Lawn care can be a tricky, time-consuming, frustrating, joyful, expensive, divorce-inducing labor of love.
And there’s a wealth of information out there on the products to try, the methods to follow, and the tools to use.
It’s incredibly daunting – particularly if you’ve just started to dream of a beautiful patch of grass that’s the envy of the neighborhood.
But that’s where this article comes in.
Behold, Yardthyme’s ultimate lawn care calendar! What to do and when to do it – from January to December.
Sure, you can call a pro – but where’s the fun in that?!
Let’s get started.
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Lawn Care Guide – The Abridged Version
To a budding lawn-care enthusiast, the calendar year for lawn maintenance can look utterly terrifying.
But fear not, for it can easily be separated into the following disciplines/practices to keep things simple:
- Pre-emergant herbicides – March/April.
- Fertilizing – Late March to May. Late September to early November.
- Mowing – High in May through August. Lower September to November.
- Post-emergent herbicides – May to September.
- Watering – Late March to October.
- Disease/pest treatment – June/July/August – or as necessary.
- Dethatching – March and late September.
- Aeration – March and late September.
- Overseeding – September – but early spring is also suitable.
- General maintenance – Year round, but particularly through summer.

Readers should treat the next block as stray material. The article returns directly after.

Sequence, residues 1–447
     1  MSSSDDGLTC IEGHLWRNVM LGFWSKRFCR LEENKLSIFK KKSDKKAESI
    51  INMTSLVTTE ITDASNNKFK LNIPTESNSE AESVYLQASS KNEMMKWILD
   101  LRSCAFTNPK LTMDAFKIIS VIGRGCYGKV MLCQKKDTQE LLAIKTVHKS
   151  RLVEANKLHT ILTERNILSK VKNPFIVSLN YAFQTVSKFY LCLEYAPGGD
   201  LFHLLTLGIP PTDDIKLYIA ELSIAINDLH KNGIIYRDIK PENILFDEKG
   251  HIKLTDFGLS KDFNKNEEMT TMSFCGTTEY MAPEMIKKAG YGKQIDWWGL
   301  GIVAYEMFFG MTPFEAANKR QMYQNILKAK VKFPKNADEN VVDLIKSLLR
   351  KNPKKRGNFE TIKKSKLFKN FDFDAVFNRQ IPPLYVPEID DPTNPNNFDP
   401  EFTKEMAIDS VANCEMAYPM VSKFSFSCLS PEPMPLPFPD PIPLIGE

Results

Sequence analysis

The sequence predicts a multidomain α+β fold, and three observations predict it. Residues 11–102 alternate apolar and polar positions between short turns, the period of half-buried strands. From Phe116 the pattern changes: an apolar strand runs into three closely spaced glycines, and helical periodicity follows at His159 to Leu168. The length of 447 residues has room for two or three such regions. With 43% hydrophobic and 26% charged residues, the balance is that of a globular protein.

Top-tip – I recommend setting up a spreadsheet, so you know exactly what your lawn needs throughout the year, with a personalized, at-a-glance guide.
Take it step-by-step, one month at a time. On March 1st, for example, I like to refresh my memory of what I need to do during the next 31 days, so I’m ready to go when the time comes.
And once you’ve got the hang of what goes where – it’ll be second nature, and you and your family can enjoy a stunning lawn season after season!
Before We Begin…
I’m not going to lie, I’ve been excited about writing this piece for a while.
Even though I’ve been involved with lawn care and gardening for many years, it’s always useful to write it all down, so I can clear my own head, and get everything in order before the new growing season!
We’re always learning, and in researching this article, I love finding new lawn care tips and tricks I can share with you.
Please note – this guide is largely for people living in areas with a temperate climate, typically with warm summers and cold winters, annual snowfall, and moderate rain throughout the year.
When in doubt, double-check to see what care your particular species requires – and at what time of year.
The Tools You Need
First thing’s first – you can’t hope to practice a proper monthly lawn care schedule without the right set of tools to do the job.
And rather than take up lots of space here listing everything you’re going to need, I’ve written a full, in-depth guide to lawn care tools, so you can fill any gaps in your arsenal.
You might also like to check out this piece on the different types of lawnmowers – so you know you’re using the right one for your yard.
And be on the lookout for links to tool and equipment reviews throughout the article, how-to guides, and other useful sources – which will point you in the direction of the best products, tips, and advice for helping with all aspects of annual lawn maintenance – specific to that time of year.
General Lawn Care Tips